Take-out isn't over in Oakland.
Fast-food empires haven't fallen in Albany.
And doggie bags still do just fine in San Francisco.
That's despite all the predictions of doom, including a theory that prohibiting polystyrene would actually make pollution worse, that's come as cities across the state have banned the stuff that carry-out food often is packaged in.
Get ready for more of the same as Foam Fight 2009 hits. It kicked a couple of weeks ago in Monterey, when Lt. Gov. John Garamendi visited there to congratulate three communities for their efforts to curb the use of Styrofoam and other plastic food packaging.
"Everyone knows the three Rs of environmental protection -- reduce, reuse, and recycle," Garamendi said in a news release. "Styrofoam is difficult to reduce, even more difficult to recycle, and almost impossible to reuse. It's time all California communities joined Monterey, Pacific Grove, Carmel, and more than 20 other cities and counties in the state in seeking less environmentally destructive food and beverage containers."
Statewide, the restrictions have ranged from an out-right ban -- including for grocery stores -- in Albany to prohibiting its use in city facilities in Los Angeles.
Though no statewide legislation has been introduced this session, a news release from Garamendi says Assembly Democrats Jerry Hill of San Mateo and Pedro Nava of Santa Barbara plan to introduce a bill.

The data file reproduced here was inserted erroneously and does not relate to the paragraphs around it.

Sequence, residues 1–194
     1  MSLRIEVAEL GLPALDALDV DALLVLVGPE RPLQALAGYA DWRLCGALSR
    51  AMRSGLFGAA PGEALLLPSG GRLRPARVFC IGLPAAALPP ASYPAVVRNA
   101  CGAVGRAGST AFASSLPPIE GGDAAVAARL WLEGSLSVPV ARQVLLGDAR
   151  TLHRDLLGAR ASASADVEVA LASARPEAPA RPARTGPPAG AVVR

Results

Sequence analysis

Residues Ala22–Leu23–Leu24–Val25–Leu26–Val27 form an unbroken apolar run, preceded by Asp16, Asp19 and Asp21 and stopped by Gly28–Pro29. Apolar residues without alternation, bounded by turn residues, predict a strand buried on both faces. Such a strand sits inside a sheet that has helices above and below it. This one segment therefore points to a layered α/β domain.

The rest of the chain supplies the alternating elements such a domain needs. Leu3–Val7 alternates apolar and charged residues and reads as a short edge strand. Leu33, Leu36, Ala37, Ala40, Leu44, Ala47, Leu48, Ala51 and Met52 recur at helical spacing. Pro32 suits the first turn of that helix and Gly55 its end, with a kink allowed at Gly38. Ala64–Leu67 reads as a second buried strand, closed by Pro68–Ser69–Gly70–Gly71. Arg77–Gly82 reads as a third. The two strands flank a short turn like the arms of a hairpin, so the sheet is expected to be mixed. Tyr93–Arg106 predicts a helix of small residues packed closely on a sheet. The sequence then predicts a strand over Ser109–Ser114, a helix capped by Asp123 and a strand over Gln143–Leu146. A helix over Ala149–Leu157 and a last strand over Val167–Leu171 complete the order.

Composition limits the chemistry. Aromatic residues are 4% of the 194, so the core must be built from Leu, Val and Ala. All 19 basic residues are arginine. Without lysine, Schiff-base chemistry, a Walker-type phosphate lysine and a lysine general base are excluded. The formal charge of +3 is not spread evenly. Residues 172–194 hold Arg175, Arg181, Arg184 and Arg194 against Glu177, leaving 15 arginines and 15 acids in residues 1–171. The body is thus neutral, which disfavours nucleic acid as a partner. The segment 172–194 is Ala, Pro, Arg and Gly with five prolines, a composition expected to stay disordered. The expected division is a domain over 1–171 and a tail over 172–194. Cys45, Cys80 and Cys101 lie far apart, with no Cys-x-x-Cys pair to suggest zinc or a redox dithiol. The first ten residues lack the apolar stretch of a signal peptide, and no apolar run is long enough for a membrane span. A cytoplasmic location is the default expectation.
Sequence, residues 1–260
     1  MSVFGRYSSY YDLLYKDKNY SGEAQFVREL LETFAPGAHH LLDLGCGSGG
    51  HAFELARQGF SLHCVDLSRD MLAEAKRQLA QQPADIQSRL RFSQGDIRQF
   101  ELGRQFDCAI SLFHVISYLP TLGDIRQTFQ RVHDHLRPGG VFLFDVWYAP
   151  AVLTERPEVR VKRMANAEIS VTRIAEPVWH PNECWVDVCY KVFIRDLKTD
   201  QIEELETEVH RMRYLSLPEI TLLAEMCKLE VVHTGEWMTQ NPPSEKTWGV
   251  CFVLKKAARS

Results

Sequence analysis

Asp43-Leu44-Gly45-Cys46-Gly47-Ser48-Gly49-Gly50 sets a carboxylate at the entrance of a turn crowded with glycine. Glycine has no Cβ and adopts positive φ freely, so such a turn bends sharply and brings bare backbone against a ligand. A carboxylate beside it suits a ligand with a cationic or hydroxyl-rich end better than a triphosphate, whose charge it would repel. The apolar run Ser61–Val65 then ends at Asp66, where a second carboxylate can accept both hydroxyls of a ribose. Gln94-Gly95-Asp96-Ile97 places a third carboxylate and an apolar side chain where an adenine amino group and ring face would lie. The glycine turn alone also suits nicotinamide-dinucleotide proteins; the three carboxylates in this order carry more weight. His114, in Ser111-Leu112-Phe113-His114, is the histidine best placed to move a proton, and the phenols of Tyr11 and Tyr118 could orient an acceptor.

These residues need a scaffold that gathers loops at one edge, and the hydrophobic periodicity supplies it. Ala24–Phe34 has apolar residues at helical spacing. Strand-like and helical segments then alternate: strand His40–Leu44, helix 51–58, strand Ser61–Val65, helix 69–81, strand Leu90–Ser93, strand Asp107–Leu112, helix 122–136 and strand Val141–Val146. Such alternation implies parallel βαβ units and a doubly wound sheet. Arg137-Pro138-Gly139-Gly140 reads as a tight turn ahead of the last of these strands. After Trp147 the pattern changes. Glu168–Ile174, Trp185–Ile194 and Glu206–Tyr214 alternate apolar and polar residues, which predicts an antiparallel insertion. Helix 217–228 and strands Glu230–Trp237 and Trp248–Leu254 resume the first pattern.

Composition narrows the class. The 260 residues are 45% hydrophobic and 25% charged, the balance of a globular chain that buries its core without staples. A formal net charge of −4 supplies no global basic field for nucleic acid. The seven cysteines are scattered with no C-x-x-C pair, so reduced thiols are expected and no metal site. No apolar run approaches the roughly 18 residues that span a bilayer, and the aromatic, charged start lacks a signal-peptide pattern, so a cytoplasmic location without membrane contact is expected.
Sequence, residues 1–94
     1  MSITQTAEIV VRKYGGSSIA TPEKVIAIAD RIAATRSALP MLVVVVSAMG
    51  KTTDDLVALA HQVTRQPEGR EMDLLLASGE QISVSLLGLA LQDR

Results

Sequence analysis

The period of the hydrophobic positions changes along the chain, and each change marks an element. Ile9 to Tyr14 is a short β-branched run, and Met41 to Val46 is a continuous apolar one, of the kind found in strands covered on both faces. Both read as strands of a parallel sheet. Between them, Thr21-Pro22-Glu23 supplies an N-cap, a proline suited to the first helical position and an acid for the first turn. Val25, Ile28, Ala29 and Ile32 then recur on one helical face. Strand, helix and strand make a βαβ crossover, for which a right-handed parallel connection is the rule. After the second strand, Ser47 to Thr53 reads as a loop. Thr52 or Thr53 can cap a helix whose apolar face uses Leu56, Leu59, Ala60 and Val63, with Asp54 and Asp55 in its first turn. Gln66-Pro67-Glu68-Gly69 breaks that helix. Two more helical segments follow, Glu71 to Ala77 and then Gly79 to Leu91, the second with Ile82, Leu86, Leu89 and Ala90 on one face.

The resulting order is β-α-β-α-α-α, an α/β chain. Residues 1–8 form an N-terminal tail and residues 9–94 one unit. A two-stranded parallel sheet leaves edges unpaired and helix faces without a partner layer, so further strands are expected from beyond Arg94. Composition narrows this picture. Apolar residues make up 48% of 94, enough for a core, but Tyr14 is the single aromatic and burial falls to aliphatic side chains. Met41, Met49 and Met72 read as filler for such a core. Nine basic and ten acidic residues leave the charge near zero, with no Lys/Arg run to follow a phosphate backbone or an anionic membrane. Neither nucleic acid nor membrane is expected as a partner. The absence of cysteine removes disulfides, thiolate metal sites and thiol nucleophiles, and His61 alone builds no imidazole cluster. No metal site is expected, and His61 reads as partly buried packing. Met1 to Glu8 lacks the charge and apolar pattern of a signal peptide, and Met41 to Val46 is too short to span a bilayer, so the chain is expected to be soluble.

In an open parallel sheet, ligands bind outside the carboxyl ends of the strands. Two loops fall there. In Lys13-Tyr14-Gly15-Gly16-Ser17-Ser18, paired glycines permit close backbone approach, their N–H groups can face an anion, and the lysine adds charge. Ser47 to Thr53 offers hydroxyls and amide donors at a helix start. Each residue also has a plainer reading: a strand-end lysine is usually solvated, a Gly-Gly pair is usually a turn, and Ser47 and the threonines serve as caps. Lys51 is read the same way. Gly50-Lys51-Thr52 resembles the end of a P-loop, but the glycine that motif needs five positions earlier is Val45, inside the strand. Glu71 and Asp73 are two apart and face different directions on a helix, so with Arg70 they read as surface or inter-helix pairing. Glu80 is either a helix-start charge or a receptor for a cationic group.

Last year's version - Assembly Bill 904 sponsored by Democrats Mike Feuer of Los Angeles, Mark Leno of San Francisco, Betty Karnette of Long Beach and Paul Krekorian of Burbank - passed the Assembly by an easy margin but died in committee in the Senate.
That bill pretty much followed San Francisco's approach, banning polystyrene in restaurants but not grocery stores.
Restaurants hate the idea, claiming that banning polystyrene is expensive and banning it won't end littering.
Littering isn't the only problem with polystyrene -- the stuff commonly used in food packaging such as clear plastic cups, trays andclamshells , plus Styrofoam. The other issues are that it simply doesn't rot and the state has no significant recycling capabilities, according to a November report by the California Ocean Protection Council.
Meanwhile, Californians use 165,000 tons of polystyrene each year for packaging and food service purposes alone, the report continued. In 1999, an estimated 300,000 tons of polystyrene was disposed of in landfills, with a total disposal cost of $30 million, the council said.
According an analysis of last year's bill by MB Public Affairs Inc, a paper cup would cost two cents more than
Styrofoam. Compared to millions or billions, that seems like, well, mere pennies. Even a law requiring a biodegradable cup -- which last year's bill did not -- would mean only seven cents more. The difference between a foam tray and a biodegradable one: 14 cents.
The gaping hole in last year's bill was that it let grocery stores off the hook for no real good reason other than the $193,112 in political contributions last year from the California Grocers Association.
The grocers got an even better deal in last year's Assembly Bill 2979, which would have let them to charge 25 cents for plastic bags they're now providing for free. Plus grocers would have been allowed to keep a bulk of that revenue to pay for "waste reduction programs," according to a Senate committee analysis of the bill.
Unlike the bag bill, though, past polystyrene legislation hasn't included the consumer gouge component.
Sure, eateries will pass the costs along to customers, just as they increase their prices every time the minimum wage goes up.
Either way, though, customers will wind up paying. The costs will either come up front with the cup of coffee or down the road in cleanup and landfill expenses.